PricewaterhouseCoopers (PwC) LLP updated US lodging forecast reflects improved economic conditions and a resumption of economic growth in the second half of 2009. While occupancy levels and average daily rates (ADR) in the second half of 2009 are expected to remain below year ago levels, resulting in a 16.1 percent decrease in room revenue per available room (RevPAR) in 2009, PricewaterhouseCoopers expects that average daily rates (ADR) will continue to decline in 2010. This rate weakness is expected to be off-set by a 1.1 percent increase in occupancy, resulting in stable RevPAR levels in 2010.

PricewaterhouseCoopers' quarterly lodging forecast is based on updated macro-economic forecasts from Macroeconomic Advisers, LLC. After a substantial 6.4 percent decline in the first quarter of 2009, following a 5.4 percent decline in the fourth quarter of last year, real gross domestic product ("GDP") declined at an annualized pace of 1.0 percent in the second quarter of 2009, consistent with an expected turning point in the US economy. Macroeconomic Advisers LLC estimates that the US economy troughed in June 2009 and forecasts slightly above long-term trend growth in GDP during the third and fourth quarters of 2009. As a result, GDP is expected to decline at an annualized pace of 2.6 percent in 2009, followed by a 3.1 percent increase in 2010.

According to PricewaterhouseCoopers' current lodging forecast, lodging demand in the third and fourth quarters is forecast to be 4.0 percent and 0.5 percent below last year's levels, respectively, resulting in an annual decline of 5.3 percent in 2009. The year-over-year comparison in the fourth quarter of 2009 reflects the one-year anniversary of the abrupt decline in lodging demand which occurred during the fourth quarter of 2008. A deceleration of lodging supply growth is expected to result in an annual lodging supply increase of 2.4 percent in 2009. Despite slowing supply growth, this supply-demand imbalance is expected to compress occupancy levels by 8.0 percent in 2009, resulting in an average annual occupancy level of 55.5 percent. Although the economy is expected to gradually improve in the second half of the year, ADR levels are expected to continue to be compressed, resulting in an 8.7 percent decline in ADR and a 16.1 percent decrease in RevPAR in 2009. Hotels in the Luxury and Upper Upscale Chain Scale segments are expected to experience greater declines in RevPAR, due to continued pricing pressure primarily from both larger corporate accounts and meetings.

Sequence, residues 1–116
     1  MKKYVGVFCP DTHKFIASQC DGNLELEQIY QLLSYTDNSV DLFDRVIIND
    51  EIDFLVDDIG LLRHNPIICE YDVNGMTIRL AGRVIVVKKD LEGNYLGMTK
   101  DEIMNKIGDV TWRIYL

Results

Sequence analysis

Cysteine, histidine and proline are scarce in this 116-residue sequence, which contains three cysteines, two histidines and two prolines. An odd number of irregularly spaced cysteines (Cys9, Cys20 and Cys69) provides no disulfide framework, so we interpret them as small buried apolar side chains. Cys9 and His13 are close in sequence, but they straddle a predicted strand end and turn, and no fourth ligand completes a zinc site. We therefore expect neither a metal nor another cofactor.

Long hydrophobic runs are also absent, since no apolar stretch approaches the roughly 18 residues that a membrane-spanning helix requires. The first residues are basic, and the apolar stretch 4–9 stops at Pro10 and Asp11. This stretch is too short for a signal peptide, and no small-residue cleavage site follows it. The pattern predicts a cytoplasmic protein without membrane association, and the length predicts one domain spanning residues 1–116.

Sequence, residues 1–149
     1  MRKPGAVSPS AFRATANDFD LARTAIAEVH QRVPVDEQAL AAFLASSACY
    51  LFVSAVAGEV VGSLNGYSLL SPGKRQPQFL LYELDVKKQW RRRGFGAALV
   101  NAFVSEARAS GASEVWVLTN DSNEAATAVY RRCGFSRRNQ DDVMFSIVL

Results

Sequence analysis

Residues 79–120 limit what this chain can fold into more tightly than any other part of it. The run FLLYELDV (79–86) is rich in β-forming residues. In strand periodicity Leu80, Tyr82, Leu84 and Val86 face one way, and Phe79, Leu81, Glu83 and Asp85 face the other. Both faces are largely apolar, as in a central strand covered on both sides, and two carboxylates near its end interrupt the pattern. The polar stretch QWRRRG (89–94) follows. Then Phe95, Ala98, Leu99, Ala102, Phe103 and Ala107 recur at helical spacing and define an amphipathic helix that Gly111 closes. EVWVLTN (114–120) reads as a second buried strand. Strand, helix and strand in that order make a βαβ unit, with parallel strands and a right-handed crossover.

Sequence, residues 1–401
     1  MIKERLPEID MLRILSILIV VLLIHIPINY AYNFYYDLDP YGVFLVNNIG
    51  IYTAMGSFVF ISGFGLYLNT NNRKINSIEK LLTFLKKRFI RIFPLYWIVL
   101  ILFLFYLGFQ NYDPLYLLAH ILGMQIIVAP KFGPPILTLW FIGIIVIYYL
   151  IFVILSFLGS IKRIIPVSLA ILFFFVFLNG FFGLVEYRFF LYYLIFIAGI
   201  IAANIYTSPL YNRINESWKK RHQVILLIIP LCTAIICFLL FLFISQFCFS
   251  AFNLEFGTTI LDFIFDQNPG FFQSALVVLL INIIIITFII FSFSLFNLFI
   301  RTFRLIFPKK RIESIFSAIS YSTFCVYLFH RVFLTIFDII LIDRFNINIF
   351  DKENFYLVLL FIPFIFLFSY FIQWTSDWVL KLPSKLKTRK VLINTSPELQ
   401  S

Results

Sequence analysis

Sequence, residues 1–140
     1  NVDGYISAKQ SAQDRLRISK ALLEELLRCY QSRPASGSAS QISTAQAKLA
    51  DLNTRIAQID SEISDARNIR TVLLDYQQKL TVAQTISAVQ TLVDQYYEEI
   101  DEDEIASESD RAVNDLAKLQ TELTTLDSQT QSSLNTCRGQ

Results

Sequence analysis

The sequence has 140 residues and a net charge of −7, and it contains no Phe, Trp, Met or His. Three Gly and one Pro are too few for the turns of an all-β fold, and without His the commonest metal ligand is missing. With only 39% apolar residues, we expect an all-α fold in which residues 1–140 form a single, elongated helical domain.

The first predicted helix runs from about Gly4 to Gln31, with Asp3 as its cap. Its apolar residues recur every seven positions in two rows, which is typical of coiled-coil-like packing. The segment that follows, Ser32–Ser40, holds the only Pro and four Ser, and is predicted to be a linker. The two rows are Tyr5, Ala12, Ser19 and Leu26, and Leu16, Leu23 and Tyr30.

In 2010, as the US economy grows at an above-trend rate, RevPAR is forecast to remain stable, driven primarily by a 1.1 percent increase in occupancy, as increasing demand and slowing supply growth are expected to increase the average annual occupancy level to 56.1 percent in 2010. Despite increasing demand, hotels, particularly in higher-priced chain scales, are expected to continue to face pricing pressures, resulting in a further 1.1 percent decrease in ADR.

PricewaterhouseCoopers continues to monitor the pricing strategies and yield management decisions adopted by lodging operators. While the beginning of the recovery for hotels is expected to be primarily demand driven, as the recovery gains momentum, rate strategies implemented by hotels will have an increasingly important role in the magnitude and speed of this recovery.
"Although recent levels of room night demand have been more favorable, the demand environment during the second half of 2009 is expected to remain challenging," says Scott D. Berman, principal and US Industry Leader, Hospitality & Leisure, for PricewaterhouseCoopers. "This, coupled with a difficult rate environment is expected to compress RevPAR levels for the rest of 2009. In 2010, although demand is expected to start growing again, hotels are expected to face continued pricing pressures."